Top GOP Senate candidates tout endorsements in final sprint to primary day

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The top GOP candidates running to finish out Attorney General Jeff Sessions’ term in the Senate each publicized major campaign endorsements Monday.

CD 5 U.S. Rep. Mo Brooks picked up support from conservative commentator Ann Coulter, who said Alabamians have “a chance this year to save the country by sending Congressman Mo Brooks to the US Senate.”

“Despite my general policy of not making endorsements in GOP state primaries, this moment in history is too important not to endorse Alabama Congressman Mo Brooks for the Senate seat vacated by the great Jeff Sessions,” she said.

Former Alabama Supreme Court Justice Roy Moore sent out an email Monday touting an endorsement from the Alabama Republican Assembly, which announced it would back Moore last week.

Don Wallace, who heads up the Southeast Region of the ALRA, said “while there are several good candidates that are running for this position and who would serve Alabama well in the Senate, the Republican Assembly voted overwhelmingly for Judge Moore because of his demonstrable commitment to conservative principles and a willingness to stand up against an out of control Federal Judiciary.”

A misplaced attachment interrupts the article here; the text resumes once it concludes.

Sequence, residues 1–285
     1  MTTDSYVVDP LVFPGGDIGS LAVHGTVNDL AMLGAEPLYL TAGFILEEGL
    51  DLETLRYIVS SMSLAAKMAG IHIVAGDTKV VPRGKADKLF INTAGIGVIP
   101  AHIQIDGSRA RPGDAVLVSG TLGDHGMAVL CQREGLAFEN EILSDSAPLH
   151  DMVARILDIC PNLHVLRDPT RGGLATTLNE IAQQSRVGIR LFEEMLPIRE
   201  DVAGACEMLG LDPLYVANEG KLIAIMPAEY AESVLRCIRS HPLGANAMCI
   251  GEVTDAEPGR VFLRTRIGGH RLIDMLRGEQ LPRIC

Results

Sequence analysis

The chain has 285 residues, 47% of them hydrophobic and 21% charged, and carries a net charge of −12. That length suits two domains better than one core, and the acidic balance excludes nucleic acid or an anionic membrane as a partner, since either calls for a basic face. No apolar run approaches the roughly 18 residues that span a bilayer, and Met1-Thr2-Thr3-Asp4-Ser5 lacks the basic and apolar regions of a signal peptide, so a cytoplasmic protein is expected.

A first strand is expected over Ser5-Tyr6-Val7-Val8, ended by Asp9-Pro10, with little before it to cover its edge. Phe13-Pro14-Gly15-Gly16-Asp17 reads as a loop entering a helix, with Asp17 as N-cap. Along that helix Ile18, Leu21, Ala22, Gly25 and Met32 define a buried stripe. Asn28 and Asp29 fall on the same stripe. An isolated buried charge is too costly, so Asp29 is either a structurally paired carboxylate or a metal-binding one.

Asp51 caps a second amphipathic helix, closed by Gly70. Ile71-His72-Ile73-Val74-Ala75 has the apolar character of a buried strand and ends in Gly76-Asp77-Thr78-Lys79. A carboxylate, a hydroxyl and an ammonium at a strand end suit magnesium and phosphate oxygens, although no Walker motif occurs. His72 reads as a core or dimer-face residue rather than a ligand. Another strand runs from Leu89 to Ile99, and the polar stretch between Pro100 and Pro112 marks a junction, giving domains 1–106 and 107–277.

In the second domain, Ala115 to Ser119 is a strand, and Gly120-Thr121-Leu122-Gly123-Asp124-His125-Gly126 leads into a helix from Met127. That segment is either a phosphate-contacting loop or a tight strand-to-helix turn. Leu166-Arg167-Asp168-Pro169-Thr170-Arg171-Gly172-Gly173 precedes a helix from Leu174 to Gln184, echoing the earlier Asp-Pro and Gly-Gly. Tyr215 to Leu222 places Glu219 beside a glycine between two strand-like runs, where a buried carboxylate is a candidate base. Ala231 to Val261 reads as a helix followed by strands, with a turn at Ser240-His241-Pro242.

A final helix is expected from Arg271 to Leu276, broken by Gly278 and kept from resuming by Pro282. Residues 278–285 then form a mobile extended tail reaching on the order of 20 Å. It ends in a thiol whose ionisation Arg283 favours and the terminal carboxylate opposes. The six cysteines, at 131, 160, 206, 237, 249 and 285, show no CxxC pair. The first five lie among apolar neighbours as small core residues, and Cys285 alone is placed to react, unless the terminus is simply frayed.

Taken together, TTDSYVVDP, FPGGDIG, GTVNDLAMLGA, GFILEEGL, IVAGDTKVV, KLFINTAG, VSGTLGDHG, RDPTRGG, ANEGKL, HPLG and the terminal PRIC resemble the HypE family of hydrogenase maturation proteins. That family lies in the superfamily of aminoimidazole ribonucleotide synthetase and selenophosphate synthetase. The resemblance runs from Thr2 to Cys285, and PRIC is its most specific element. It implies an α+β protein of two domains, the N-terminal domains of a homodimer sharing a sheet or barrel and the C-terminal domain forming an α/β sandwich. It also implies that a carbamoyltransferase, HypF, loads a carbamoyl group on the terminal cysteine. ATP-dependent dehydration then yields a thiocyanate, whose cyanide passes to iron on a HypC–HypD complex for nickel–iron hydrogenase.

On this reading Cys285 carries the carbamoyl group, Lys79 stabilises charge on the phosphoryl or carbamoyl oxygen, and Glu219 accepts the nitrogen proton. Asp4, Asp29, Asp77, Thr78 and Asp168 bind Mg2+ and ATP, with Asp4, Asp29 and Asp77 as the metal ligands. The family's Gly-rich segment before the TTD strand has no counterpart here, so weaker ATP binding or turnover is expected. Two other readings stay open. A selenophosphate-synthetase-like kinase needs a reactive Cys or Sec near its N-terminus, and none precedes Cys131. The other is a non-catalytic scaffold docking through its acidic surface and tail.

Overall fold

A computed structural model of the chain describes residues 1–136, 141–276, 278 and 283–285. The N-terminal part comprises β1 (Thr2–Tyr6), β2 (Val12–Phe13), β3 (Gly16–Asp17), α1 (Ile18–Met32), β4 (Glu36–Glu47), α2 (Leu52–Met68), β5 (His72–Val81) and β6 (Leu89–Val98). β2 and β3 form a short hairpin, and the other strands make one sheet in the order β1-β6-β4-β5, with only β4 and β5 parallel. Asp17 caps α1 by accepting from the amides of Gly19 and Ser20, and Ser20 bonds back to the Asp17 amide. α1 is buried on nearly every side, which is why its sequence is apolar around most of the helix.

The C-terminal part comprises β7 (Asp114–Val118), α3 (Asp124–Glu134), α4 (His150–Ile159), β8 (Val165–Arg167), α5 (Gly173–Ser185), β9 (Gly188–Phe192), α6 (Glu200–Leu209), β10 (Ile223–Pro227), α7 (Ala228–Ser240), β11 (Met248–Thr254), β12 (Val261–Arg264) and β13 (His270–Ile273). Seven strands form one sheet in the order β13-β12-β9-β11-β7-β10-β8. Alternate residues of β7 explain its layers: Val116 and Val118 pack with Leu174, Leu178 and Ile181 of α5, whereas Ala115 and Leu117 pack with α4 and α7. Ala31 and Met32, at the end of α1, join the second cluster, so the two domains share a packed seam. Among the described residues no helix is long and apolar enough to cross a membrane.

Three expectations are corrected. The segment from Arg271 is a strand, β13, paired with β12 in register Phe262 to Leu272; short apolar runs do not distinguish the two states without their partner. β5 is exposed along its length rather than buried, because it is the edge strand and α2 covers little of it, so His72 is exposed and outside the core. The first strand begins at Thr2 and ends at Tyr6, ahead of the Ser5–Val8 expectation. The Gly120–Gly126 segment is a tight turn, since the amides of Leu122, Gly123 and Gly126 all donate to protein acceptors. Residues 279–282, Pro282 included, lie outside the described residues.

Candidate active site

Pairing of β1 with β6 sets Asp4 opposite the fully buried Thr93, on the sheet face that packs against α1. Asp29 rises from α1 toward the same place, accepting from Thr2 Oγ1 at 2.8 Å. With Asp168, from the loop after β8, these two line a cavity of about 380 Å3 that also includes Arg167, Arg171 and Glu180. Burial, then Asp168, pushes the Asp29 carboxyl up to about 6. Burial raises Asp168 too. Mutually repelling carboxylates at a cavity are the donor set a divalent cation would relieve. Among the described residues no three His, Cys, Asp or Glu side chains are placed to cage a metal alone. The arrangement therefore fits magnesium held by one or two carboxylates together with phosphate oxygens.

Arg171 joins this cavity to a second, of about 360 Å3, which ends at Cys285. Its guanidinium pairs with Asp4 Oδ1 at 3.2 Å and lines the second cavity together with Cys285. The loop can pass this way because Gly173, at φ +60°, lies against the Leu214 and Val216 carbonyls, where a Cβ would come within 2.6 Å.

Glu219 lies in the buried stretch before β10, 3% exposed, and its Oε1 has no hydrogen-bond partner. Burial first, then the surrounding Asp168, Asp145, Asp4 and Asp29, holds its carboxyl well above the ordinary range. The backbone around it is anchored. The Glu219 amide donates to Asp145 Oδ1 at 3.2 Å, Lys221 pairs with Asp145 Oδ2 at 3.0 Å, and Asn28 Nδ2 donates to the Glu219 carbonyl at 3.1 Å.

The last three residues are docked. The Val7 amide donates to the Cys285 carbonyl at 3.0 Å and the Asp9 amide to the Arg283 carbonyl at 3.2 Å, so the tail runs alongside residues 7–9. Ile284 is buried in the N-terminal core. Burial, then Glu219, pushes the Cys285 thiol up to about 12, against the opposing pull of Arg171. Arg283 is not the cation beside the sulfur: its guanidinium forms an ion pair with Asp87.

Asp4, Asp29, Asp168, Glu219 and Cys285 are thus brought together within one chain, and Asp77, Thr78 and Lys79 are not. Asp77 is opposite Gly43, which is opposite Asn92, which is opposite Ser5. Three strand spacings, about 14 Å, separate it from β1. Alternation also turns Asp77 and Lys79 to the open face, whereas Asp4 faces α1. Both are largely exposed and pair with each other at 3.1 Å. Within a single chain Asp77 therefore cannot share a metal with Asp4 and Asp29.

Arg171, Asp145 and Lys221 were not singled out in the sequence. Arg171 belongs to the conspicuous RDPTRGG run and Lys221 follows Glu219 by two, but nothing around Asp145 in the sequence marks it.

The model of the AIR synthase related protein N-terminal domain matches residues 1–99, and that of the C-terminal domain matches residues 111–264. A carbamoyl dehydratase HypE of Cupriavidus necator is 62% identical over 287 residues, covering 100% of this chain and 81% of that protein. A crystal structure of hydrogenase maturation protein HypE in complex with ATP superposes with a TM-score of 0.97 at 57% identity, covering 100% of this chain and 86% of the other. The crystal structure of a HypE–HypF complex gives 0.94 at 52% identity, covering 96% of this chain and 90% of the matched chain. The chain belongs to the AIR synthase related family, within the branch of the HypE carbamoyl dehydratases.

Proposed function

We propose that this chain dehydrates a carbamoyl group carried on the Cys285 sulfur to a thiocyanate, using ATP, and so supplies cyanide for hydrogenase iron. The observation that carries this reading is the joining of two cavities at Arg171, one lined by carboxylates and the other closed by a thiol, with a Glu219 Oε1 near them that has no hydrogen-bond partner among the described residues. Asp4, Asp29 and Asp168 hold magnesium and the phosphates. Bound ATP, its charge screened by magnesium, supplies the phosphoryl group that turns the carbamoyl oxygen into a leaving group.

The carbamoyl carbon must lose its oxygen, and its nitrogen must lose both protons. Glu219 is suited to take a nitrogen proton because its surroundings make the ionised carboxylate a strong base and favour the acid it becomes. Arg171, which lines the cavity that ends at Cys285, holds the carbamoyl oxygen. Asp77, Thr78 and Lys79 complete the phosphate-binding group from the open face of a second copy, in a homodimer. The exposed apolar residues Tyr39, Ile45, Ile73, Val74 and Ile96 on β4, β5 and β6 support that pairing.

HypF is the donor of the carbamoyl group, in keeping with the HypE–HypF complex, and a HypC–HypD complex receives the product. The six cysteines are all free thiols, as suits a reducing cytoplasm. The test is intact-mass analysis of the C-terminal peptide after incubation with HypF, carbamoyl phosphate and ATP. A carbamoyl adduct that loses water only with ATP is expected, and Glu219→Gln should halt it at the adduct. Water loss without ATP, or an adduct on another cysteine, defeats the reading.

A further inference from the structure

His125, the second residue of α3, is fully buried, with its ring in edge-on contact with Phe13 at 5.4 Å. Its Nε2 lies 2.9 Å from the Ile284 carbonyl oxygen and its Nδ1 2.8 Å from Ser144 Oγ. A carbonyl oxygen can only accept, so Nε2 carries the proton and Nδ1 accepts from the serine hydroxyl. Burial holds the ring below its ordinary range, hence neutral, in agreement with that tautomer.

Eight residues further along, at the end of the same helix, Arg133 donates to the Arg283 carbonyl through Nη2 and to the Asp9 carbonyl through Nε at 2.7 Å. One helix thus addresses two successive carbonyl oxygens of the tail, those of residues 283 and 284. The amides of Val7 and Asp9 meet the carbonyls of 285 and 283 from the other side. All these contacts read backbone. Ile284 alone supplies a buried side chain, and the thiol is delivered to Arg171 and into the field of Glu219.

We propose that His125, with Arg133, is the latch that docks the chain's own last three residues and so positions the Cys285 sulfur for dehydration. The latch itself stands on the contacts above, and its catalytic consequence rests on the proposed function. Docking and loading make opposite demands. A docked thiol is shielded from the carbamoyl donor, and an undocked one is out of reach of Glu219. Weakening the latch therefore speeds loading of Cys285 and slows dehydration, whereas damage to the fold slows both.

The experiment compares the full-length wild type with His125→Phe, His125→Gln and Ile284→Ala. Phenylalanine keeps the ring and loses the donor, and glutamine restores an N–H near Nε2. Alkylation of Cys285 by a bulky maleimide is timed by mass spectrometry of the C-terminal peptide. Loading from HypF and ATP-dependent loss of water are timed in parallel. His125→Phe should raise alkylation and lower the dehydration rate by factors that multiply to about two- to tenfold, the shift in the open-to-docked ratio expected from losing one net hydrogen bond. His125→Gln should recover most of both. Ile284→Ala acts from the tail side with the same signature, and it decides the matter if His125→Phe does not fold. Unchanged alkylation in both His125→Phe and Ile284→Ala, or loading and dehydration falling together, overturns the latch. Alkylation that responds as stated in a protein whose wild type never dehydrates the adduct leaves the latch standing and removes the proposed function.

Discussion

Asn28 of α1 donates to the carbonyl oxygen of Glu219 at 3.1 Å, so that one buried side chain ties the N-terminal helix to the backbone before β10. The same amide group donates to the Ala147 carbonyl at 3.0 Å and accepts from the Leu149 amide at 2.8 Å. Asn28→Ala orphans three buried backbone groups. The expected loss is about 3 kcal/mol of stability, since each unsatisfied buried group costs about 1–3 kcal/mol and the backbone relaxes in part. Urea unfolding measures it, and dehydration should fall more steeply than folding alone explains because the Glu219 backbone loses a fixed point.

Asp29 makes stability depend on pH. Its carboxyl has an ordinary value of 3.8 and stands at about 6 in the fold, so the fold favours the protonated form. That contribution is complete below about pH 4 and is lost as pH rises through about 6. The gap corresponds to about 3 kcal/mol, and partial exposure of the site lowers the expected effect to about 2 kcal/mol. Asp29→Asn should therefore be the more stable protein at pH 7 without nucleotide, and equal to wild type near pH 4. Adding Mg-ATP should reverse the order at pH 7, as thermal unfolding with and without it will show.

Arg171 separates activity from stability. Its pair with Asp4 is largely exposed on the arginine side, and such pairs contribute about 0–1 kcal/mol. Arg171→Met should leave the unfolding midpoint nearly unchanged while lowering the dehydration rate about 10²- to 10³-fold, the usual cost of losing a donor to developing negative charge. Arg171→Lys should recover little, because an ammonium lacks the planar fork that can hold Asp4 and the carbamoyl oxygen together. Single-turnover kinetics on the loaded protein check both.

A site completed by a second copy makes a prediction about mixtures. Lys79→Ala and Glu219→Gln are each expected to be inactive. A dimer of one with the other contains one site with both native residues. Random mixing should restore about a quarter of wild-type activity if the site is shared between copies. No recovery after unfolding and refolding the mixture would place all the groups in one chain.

Not to be outdone, sitting U.S. Sen. Luther Strange came out with a new ad highlighting the endorsement he received from the National Rifle Association back in May.

In the 30-second ad, titled “Drain the Swamp,” Strange says he’s working with President Donald Trump’s administration to curb illegal immigration and build a wall on the country’s southern border.

The ad then displays the NRA seal and he mentions the group’s endorsement over video of Strange firing a handgun at a shooting range.

A recent poll from Raycom News Network put Strange and Moore in a statistical tie heading into the final stretch, with Brooks coming in as the only other GOP candidate in the nine-person field with double digit support.

Alabama requires a primary runoff election if no candidate gets more than 50 percent of the vote, which seems likely given current poll numbers. The primary race is set for Aug. 15. The primary runoff, if necessary, will be Sept. 26; the general election is Dec. 12.

 

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